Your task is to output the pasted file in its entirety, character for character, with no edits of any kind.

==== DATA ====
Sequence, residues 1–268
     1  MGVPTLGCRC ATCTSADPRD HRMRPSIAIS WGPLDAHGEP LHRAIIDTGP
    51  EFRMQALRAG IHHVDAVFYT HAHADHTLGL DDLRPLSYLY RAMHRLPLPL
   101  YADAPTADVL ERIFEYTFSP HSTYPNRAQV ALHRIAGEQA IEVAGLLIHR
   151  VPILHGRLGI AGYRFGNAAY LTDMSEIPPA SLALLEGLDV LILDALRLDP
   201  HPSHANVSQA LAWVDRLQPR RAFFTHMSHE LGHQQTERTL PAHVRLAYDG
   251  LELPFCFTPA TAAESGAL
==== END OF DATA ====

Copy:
Sequence, residues 1–268
     1  MGVPTLGCRC ATCTSADPRD HRMRPSIAIS WGPLDAHGEP LHRAIIDTGP
    51  EFRMQALRAG IHHVDAVFYT HAHADHTLGL DDLRPLSYLY RAMHRLPLPL
   101  YADAPTADVL ERIFEYTFSP HSTYPNRAQV ALHRIAGEQA IEVAGLLIHR
   151  VPILHGRLGI AGYRFGNAAY LTDMSEIPPA SLALLEGLDV LILDALRLDP
   201  HPSHANVSQA LAWVDRLQPR RAFFTHMSHE LGHQQTERTL PAHVRLAYDG
   251  LELPFCFTPA TAAESGAL